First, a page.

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How To Keep Nurturing Your Super Even When You’re On Maternity Leave

When your pay stops, your super doesn’t have to

If you’re thinking about parental leave or another extended break from your work, it’s important to think about how to keep your retirement savings growing during your leave.

Tipping regular contributions into your super account during a career break helps protect and grow your super balance while you’re not receiving employee contributions.

Start by asking your employer about their extended leave policies

If you’re going on maternity or primary carer’s leave, find out whether your employer pays super as part of your leave arrangements.  

Although this is not widespread in Australia, it’s considered a best practice workplace policy by the Australian Government Fair Work Ombudsman.

You may be eligible for tax offsets or government incentives that boost the impact of these contributions. Talk to a tax adviser about what’s right for both of you and visit The Australian Taxation Office website and ASIC’s MoneySmart website for more information.

Consider the pros and cons of making personal contributions

If you have a partner, look into whether it’s a good idea for them to make after-tax contributions into your super account while you’re away from work.

You may be eligible for tax offsets or government incentives that boost the impact of these contributions. Talk to a tax adviser about what’s right for both of you and visit The Australian Taxation Office website and ASIC’s MoneySmart website for more information.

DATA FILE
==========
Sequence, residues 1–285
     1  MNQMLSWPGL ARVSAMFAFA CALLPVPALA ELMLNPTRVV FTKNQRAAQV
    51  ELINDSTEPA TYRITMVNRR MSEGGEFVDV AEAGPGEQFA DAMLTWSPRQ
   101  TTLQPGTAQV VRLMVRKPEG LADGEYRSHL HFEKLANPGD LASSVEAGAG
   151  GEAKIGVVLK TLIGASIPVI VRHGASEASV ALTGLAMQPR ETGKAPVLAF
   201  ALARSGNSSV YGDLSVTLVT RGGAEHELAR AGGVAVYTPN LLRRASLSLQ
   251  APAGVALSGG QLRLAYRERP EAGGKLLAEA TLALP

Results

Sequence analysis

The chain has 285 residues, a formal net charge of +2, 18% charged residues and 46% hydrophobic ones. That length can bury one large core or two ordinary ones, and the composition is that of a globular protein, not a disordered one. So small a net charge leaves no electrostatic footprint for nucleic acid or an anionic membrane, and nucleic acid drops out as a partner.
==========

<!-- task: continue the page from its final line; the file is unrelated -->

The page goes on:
Share the love before tax

If you’re an AustralianSuper member, your partner can split their pre-tax super contributions with you. Up to 85 percent of these contributions can be paid into your super account instead of their super account once a year.

These might include contributions made by your partner’s employer, plus additional contributions your partner has agreed to through salary sacrificing.

Share the love after tax

Your partner can also make after-tax payments into your super account. If your income is less than $40,000, they can contribute up to $3,000 a year into your super.

Your income must be $37,000 or less to receive the full tax offset of $540, but you might still be able to receive a partial tax offset if you earn up to $40,000.

Remember to consider your debt levels and financial commitments before making extra contributions to you or your loved one’s super.

To find out more about AustralianSuper’s services and superannuation, click here.